I ALONE TO ROLL MY TALE...
I remember playing Monopoly, Clue, and Life growing up and enjoying them. Until I stopped enjoying them. I played Star Fleet Battles through expansions and editions until I realized I didn’t want to any more. I played Micro-Armor, Napoleonics, and Warhammer 40K but I don’t anymore. And in each of those cases, I don’t have any real feeling of nostalgia- no desire to go back and play it again. It isn’t so much about new games grabbing my attention, but what I got out of those games being less important now. With RPGs, my feeling’s a little different. I can’t think of any rpg I played in the past that I wouldn’t go back and try again- if someone I knew was pushing it. I might do so reluctantly, more in some cases than others. But I don’t have the sense of “Nope, not again” that other games give.
But many things would have to line up to get me to the table for some. I have three game systems I played for years- multiple campaigns, characters, groups, and stories. Then I put them aside. For many people I know D&D would be on this list. But D&D never held on as a solid option. I started with it- learning from the tan box and then moving on to the Holmes box and then AD&D. But I didn’t play anything long term- pick-up games and some modules. I don’t recall ever having a character last for more than a level or two. In high school I ran AD&D briefly, but eventually dropped it in favor of other games and systems. The last time we went back to play it long-term ended up a tongue-in-cheek parody game that lasted for several months.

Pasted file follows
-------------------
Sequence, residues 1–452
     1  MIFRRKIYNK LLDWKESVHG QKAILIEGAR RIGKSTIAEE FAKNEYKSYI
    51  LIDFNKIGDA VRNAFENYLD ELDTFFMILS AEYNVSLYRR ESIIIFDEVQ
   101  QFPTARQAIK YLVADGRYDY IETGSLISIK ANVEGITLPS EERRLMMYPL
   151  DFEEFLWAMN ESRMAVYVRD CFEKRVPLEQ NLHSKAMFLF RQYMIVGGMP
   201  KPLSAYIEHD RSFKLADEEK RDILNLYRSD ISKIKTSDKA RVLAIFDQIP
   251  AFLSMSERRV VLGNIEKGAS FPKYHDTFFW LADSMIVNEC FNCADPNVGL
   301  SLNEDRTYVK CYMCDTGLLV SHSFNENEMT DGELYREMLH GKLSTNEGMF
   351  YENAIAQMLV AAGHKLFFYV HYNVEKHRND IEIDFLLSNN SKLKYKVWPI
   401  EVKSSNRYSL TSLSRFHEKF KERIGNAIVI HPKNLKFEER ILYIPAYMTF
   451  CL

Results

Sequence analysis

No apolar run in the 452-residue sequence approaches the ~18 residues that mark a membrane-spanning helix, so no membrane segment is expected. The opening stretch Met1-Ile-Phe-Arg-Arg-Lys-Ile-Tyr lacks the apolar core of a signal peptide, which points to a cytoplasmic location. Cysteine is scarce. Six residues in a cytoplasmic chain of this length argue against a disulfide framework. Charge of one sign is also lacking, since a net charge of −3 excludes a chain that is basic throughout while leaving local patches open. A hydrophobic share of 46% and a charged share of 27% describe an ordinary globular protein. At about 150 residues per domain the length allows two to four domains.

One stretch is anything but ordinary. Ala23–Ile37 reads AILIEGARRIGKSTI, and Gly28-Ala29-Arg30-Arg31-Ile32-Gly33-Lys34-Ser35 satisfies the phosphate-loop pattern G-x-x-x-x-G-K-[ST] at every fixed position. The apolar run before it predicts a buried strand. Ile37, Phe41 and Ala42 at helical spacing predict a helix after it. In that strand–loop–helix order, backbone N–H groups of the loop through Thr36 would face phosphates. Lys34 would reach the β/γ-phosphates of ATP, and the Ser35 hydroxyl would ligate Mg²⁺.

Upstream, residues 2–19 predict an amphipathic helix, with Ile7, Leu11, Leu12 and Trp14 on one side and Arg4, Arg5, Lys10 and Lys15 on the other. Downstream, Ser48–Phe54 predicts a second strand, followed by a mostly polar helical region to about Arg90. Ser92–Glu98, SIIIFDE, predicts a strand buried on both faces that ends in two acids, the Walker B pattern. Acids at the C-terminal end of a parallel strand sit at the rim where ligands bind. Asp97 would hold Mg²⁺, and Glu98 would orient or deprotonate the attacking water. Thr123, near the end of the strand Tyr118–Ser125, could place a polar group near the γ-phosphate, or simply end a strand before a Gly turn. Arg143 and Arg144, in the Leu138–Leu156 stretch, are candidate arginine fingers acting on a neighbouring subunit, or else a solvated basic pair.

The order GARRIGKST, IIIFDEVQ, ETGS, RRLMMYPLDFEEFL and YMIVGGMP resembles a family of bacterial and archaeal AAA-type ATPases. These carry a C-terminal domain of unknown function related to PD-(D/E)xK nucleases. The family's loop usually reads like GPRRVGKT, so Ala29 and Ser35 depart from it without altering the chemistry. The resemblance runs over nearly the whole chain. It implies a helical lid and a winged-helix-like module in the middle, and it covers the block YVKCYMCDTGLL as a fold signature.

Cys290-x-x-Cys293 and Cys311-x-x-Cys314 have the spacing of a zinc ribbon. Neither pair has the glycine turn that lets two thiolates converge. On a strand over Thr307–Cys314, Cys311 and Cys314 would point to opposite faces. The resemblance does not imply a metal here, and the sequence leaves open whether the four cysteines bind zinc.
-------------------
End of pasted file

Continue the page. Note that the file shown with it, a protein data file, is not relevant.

In our area, a split happened pretty early. We had a faction of older gamers who’d come out of the wargames tradition to D&D. They saw it as a strategic game of the GM trying to kill the players. We also had a younger gaggle of players who pretty much bought TSR games. But we also had my sister’s age range- a large cohort who tried new games of all kinds and set some of the tastes for the area. That produced a focus on V&V (and then Champions), Call of Cthulhu, and oddly Rolemaster. RM became the go-to fantasy system for people wanting to do more. Still young, I had the chance to sit in and watch a couple of RM sessions run by a GM named Matt Myers. He blew me away with the level of detail, both in world building and rules. I wanted to be that kind of GM- spinning a world that players talked about after the game, with an encyclopedic knowledge of the setting I’d created. I was in Middle School, so sitting in on a game run by these older players (seniors and college age!) had a huge impact.